Take your burlap and cut it into strips of various sizes. You’ll want a bucket nearby with water to clean your hands – seriously necessary.
Pick one side of the mask to do first. You want to use the remaining clay to build a ‘wall’ at least an inch high all the way from the bottom of the neck, over the head and to the other side. Basically like it’s cutting the head in half with the face on one side and the back of the head on the other. Make sure there are no gaps between the bottom of the ‘wall’ and the head itself. Cushion the wrong side with towels and lay the head so that the side you want to plaster first is facing up. Roll three superball sized balls of clay and push them onto the wall so that they resemble half circles evenly spaced out. Make sure they’re facing the side you want to plaster first. Then take strips of clay at least a cm thick and squish these into the clay.
IMPORTANT: these strips must end halfway down the wall, they cannot touch the head itself. Also make sure they hang out over the edge of the wall and into the air.
Cover the side you’re not working on with cling wrap. Now we start with the plaster.
You want to get another bucket and fill it about an inch deep with warm water. Then get the plaster (Ultra cal or Paris) and begin sprinkling it into the water. You want to stop when the surface of the water starts to resemble a dried up pond bed. Sorry but this is mostly guess work, no real measurements. It can take a while and more plaster than you’d think. Once you’ve got the ‘bottom of a river bed’ look get your hands in there and start mixing it up until there are absolutely no more lumps or clumps and the plaster gets harder to swirl. There should be some real resistance.
Get a paintbrush and quickly coat only the side of the mask you decided to work on. Move quickly but make sure you get all the little cracks and crevices. Now cover that with a layer at least a few cm thick, don’t use the paintbrush for this, just get your hands in there. When you first start the plaster will be runny, don’t worry it will thicken up. Use all the plaster in the bucket on this first plaster layer. Make sure you cover the wall too. Beware when plaster starts to harden/dry to gets really really hot, don’t let it stay on your hands too long without either submerging them back in the liquid plaster or in the clean water.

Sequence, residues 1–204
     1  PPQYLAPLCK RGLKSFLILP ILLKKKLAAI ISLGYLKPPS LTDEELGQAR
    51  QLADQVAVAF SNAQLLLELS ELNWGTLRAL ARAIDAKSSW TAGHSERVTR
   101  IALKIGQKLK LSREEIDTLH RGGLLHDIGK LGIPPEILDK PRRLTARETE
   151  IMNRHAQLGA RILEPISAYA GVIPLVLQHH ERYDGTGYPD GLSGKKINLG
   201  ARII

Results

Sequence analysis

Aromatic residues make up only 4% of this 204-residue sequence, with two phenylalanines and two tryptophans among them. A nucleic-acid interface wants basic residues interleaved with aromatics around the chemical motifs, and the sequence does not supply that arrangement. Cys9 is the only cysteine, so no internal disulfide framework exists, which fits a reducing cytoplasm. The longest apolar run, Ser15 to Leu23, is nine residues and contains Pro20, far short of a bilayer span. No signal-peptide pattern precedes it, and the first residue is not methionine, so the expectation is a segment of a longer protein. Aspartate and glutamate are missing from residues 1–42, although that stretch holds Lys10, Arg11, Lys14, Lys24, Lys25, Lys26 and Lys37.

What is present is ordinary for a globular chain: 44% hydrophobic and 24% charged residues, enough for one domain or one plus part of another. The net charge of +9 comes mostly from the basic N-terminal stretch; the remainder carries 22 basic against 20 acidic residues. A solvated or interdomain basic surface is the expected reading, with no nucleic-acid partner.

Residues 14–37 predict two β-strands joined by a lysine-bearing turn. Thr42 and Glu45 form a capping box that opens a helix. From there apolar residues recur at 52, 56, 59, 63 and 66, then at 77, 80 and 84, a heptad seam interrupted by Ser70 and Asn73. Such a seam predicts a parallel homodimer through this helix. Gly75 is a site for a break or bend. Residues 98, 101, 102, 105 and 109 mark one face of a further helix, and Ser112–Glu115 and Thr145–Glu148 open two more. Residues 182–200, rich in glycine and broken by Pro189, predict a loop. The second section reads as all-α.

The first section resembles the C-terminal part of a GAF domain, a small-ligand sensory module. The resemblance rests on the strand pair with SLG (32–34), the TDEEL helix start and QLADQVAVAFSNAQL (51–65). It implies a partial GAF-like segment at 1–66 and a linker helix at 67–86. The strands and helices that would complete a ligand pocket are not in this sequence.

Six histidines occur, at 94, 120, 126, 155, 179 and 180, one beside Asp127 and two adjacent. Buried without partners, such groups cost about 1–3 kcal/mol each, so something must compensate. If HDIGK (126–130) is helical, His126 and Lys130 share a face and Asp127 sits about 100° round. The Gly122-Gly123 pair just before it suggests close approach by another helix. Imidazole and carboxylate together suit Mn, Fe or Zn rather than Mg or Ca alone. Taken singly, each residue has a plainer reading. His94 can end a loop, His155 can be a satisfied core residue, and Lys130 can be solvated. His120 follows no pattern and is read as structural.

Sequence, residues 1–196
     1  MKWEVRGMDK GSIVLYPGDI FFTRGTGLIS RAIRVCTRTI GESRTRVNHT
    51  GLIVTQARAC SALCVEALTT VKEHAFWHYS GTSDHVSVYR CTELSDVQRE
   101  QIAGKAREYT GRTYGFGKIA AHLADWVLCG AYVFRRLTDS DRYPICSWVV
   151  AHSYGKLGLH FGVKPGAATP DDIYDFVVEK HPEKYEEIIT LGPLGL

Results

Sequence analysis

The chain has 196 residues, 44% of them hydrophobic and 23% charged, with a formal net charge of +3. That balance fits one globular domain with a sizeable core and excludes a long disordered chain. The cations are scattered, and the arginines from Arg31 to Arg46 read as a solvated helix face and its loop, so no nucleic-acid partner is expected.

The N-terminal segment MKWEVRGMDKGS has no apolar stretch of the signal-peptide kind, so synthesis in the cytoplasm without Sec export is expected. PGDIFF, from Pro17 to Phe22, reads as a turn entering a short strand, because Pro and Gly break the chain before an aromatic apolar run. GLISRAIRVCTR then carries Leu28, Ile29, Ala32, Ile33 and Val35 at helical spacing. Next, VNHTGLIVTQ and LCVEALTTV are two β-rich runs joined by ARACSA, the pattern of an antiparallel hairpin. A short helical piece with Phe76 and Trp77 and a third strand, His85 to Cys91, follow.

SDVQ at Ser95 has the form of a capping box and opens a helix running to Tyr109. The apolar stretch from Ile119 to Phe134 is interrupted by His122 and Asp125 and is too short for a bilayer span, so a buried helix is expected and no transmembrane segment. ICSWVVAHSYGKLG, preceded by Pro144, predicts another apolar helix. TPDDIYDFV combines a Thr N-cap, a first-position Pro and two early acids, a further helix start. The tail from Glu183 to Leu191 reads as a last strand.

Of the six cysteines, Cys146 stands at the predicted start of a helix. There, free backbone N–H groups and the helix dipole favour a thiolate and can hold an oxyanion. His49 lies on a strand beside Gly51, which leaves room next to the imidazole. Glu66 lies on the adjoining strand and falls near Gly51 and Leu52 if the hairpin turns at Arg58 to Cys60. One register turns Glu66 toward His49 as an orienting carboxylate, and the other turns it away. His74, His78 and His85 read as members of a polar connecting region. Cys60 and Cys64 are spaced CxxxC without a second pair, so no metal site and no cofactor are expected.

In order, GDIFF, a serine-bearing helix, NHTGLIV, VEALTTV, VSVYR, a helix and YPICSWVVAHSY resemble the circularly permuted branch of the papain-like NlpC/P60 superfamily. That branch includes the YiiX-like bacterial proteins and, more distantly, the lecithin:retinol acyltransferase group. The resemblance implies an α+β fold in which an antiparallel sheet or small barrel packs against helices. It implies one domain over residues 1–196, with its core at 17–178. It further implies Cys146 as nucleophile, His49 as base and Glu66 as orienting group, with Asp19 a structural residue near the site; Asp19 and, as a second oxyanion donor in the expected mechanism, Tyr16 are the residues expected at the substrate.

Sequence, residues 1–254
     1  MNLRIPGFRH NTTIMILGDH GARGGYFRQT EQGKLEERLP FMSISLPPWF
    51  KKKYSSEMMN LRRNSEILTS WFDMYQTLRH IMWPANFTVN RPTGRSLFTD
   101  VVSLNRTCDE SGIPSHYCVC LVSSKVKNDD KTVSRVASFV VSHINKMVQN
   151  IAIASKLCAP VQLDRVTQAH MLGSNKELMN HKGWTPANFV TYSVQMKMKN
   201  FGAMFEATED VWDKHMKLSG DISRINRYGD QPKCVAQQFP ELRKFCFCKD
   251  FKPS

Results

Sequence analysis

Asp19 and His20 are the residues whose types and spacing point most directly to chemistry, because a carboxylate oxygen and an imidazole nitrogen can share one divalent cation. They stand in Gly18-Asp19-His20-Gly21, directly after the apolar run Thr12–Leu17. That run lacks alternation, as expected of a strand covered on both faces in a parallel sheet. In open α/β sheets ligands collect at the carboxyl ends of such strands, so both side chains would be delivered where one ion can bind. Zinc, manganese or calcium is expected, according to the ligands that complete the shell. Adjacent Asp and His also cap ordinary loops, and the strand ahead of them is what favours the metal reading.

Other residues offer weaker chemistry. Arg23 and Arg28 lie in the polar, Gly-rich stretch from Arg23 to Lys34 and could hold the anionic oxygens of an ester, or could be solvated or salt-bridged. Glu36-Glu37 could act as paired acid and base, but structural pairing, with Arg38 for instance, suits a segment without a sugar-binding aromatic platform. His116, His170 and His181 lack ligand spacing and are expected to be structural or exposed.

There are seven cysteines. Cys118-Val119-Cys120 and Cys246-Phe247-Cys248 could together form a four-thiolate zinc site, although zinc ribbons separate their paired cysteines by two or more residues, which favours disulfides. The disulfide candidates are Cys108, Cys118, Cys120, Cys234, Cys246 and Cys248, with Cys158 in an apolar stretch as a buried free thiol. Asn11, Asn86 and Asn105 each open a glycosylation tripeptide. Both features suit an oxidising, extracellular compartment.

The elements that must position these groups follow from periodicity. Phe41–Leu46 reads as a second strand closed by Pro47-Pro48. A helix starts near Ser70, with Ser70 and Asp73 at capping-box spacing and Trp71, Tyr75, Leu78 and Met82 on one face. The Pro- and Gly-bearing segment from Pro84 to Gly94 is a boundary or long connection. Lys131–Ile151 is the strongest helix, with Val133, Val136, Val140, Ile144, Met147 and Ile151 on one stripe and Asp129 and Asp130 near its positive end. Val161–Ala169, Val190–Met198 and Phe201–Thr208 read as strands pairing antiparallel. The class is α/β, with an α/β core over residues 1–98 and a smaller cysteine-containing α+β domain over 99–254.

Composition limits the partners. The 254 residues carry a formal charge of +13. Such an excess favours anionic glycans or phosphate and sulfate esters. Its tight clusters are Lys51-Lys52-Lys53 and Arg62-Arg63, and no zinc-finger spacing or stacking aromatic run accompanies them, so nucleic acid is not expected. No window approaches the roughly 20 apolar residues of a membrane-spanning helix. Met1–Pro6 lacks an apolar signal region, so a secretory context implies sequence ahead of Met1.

Move quickly and whip up another batch of plaster. Dip your burlap in it and begin making another layer. Just like the plaster mask make sure there’s lots of overlap in many directions. Then cover it all up with some plaster with no burlap. You should only need these two batches. Give it some time to cool. You can tell when the plaster is ‘done’ because it will heat up and then cool off; also it will feel like stone. Better to give it too much time then not enough.
Then flip it over so that the clay side is facing you again. Take off the cling wrap and carefully remove the clay wall. You should be left with a clay head half surrounded by plaster. When you remove the wall there should be a plaster version that comes up just as high. Make sure you dig out the clay from the balls BUT LEAVE THE CLAY STRIPS. If you accidentally remove them get more clay and but them back. Take petroleum jelly and spread a thin layer over the plaster ‘wall’ part. No globs but make sure everything’s covered. Fix the clay head if you need to. Then repeat all the same plaster steps we did before. Make sure your plaster goes right up the plaster wall. Now let it sit for six hours (approximate).
Take the whole thing (careful it’s heavy) outside or into a garage. Now dig out the clay strips. You’ll probably need a screw driver. Now take the screw driver, wedge it into one the openings from the strips and try to pry the two halves apart. This took me almost an hour. It depends on your strength, how much jelly you used (too much is bad too) and just luck. You’ll probably have to work at it for a while, rotate between all the openings you made with the strips. Be patience. It will crack open eventually.
When it finally does you need to remove everything that was the clay head and just throw it out. Make sure you get all the clay. Don’t use anything to get it out that might scratch the plaster inside. Your hands are the safest bet but if you must, use a wooden spoon. Then clean it out with water, and then clean it again. The cleaner the better. Take a look at where the clay balls were. One side of the ‘wall’ should have round protrusions, the other round divots. These should lock into each other and help prevent your mold (that’s what you just made) from sliding around. Let the mold sit for 24 hours.
Now you’ve got to find a way to hold the two halves together. Apparently there’s some kind of professional strap for this but if you don’t have one (as I didn’t) just get all the rope and bungee cord you can find. Note that by rope I don’t mean string, I mean rope. Push the mold back together and then tie it as tightly as possible. You’ll probably need to loop it around many many times and on many angles. You need some that go over the bottom too. Small bungee cords work great. Be creative. Leave room to pour in and out of the neck hole.